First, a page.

Well I only make $90k. Private school isn't an option either.

So, yeah, guess we'll just slap a "troubled" label on the little one and shuffle her off to wherever.

/sigh

Mero, honestly you may want to talk with my wife. She fought our school system to take action. She learned so much she is now doing it for a living. She works for Head Start in our town specializing in kids with special needs. I do not know your daughters whole situation but I bet she can give you some good advice.

JohnnyVann 02-27-2012 12:10 PM

I don't want to get involved in this fight, not the least because I've never had kids myself so I'm stuck in the Ivory Tower observatory.

But Mero, it's ok to question authority. Even ok to fight authority sometimes. However, it's not always smart to fight authority, even when you are right. Sometimes discretion is the better part of valor

Cocoanut Koala 02-27-2012 12:16 PM

Quote:

Originally Posted by Merovigan (Post 421533)
Heck, we even made her write an apology letter. We were clear with her it was wrong. But I'm still proud as hell to not have raised a victim. Better a criminal than that, if those are my options - criminals get away with it sometimes!

But, clearly there's a middle ground and I believe we are doing our best to walk it. Time will tell - to this day this is the only major acting out event we've seen anywhere. And even the minors ones all took place at this one school.

But right right, can't blame the school. So ... what happens if she changes schools and it's all ok? Still can't blame the situation? Just checking - Coco, your thoughts?

No, sometimes the school or teacher is just not a good fit. And - sometimes you can't do a dang thing about that. (Which is why the kid is going to have to fit in, and not the school or teachers changing to fit the kid.)

My older kid was in wonderful private schools for preschool and a large private elementary school for first and second grade. Did outstanding. Was understood. Scored so far off the standardized tests they make them take that she wasn't even on the chart, which ended at 9th grade level. Got a certificate of achievement in French. Won second prize in a book fair dress-up-like-your-favorite-book-character costume contest. (Costume I made!) Adorable.

Wonderful school, fabulous teachers, wish we'd never left it.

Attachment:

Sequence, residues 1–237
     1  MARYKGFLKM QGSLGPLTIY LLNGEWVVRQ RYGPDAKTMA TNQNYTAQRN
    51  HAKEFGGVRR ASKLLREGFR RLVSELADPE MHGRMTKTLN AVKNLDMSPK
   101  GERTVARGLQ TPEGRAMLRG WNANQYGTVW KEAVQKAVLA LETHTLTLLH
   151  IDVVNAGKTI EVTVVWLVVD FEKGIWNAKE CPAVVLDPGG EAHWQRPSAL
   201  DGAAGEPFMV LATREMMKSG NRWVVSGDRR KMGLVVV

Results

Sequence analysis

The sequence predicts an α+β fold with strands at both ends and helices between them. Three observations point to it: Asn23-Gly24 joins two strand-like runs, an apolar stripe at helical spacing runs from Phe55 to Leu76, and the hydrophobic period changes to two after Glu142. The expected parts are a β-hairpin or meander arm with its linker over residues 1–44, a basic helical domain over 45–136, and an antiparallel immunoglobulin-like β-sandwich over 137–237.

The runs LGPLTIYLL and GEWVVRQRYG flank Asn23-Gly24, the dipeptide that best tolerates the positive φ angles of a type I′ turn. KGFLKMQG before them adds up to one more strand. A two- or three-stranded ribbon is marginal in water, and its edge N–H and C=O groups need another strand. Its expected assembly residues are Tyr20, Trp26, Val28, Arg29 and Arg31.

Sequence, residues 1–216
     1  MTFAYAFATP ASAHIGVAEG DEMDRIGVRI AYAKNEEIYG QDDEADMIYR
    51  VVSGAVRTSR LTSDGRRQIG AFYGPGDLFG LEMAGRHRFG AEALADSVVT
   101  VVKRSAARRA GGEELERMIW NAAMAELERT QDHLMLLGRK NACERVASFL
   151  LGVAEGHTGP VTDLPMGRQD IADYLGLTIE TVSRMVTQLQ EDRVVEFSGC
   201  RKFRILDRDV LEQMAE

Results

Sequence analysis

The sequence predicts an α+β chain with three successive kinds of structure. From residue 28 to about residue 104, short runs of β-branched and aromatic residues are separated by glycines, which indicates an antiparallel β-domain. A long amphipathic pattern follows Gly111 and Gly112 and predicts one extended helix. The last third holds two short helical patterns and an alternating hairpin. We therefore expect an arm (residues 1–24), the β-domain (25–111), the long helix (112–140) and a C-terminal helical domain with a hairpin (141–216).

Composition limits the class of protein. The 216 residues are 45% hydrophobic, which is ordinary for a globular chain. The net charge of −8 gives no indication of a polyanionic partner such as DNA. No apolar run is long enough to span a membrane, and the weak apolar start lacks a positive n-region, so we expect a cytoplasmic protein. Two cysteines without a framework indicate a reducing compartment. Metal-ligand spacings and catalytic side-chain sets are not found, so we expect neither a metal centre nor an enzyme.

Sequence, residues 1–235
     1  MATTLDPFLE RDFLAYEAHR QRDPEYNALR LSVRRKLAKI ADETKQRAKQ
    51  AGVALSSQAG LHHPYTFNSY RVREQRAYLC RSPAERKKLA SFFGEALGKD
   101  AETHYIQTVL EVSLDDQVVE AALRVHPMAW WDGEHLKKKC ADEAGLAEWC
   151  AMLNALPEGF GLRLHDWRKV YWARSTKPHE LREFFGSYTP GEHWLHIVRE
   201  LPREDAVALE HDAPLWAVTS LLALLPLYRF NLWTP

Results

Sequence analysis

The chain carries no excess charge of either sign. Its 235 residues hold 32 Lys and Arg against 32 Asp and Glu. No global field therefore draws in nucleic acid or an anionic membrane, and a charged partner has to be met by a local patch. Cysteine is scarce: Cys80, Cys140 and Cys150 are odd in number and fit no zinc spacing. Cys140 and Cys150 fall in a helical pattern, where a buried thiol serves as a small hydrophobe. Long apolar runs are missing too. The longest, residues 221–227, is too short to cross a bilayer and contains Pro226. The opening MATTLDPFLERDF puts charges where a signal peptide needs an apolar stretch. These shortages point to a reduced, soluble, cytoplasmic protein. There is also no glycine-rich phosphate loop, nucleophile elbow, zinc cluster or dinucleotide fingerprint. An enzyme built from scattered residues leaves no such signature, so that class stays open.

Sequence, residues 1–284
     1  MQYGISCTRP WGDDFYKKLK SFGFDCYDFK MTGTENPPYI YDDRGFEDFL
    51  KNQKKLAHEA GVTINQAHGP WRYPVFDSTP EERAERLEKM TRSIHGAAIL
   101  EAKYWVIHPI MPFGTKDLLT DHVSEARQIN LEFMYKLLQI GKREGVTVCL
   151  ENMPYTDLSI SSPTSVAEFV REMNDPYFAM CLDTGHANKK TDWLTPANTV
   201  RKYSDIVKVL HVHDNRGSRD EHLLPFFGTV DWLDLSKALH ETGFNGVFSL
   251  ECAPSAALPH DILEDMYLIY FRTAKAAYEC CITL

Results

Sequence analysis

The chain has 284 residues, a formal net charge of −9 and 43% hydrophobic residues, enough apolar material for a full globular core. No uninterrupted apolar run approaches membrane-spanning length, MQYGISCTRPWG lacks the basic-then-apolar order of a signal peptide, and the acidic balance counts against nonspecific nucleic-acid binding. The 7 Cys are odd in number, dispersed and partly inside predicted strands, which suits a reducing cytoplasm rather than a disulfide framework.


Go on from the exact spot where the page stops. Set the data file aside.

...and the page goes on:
Problem was, we couldn't continue to pay for it. Wish we'd been rich. We weren't.

So my husband says, well, let's move, to a better school system. So we did. Now, second kid never had a problem whatsoever in any school with any teacher, period. But I've already mentioned the difference between kids and their personalities.

First kid, now in third grade, has the unfortunate luck of getting stuck with the worst teacher ever (who eventually went on to have a nervous breakdown and left teaching), who made a scapegoat out of my kid. By the time we had a parent-teacher conference, she had the school psychologist with her and they were telling me the kid was nuts and should be put in a special class.

!!!!!

Imagine!

(I think it wasn't luck so much that landed her in that class, but the fact that other parents, unbeknownst to me, were refusing to have their kid in it.)

Well, I could go on about that year forever. Trying to summarize, I will say that I worked with the school and that teacher, always being SO TERRIBLY NICE, and saying whatever I could that was good about the teacher in those meetings, while advocating for my kid, of course.

It was a nightmare, but we got through it. Eventually, the school year ended. Two years later, my second kid was scheduled for that teacher, we found out at the little deal they have two days before school starts, when you find your assignment.

I went into the principle and said, no way is my kid going to be in that class. She gave me this long deal about how there was no way out of it. I said, if that's the case, I'm removing my child from this school, even if we don't have any place else to go, because this is just not happening. She said, "Well, it can't be done, but I'll see what I can do." This was the same principal in on the first kid, so she knew where I was coming from.

My (pleasant) ultimatum left me AND my kid in total apprehensive limbo for the next two days. Instead of my kid enjoying the excitement of the new school year with the other kids.

End result: She was moved to another teacher. That was the year the awful teacher had her breakdown and left school.

-----

It was clear to me that a good private school - which will work with your kid as an individual - is light years above a public school. Not because there aren't wonderful teachers in public school, and we've had many, but because it is a crap shoot. A troubled teacher like my older kid had for third grade would have been fired from a private school.

But, as I said, we couldn't afford it.

So sounds to me like you have a kid something like our older daughter. Younger daughter - could fit in anywhere and thrive. Older daughter - a whole different story.

Older daughter ended up in another private school in middle school, by the way - this time as a result of getting beat up in the locker room.

So what I'm saying is, one doesn't have all the choices in the world. Sometimes one has to make do with a public school or a particular teacher, even if it is not the best fit for the child at ALL. And that is, yes, heartbreaking.

Having had the experience with older daughter, I can tell you it is your job to make your child make the best of the situation. To get along.

So if you go to the new school, it may very well be a much better fit for your child. But you will have to make sure your child behaves.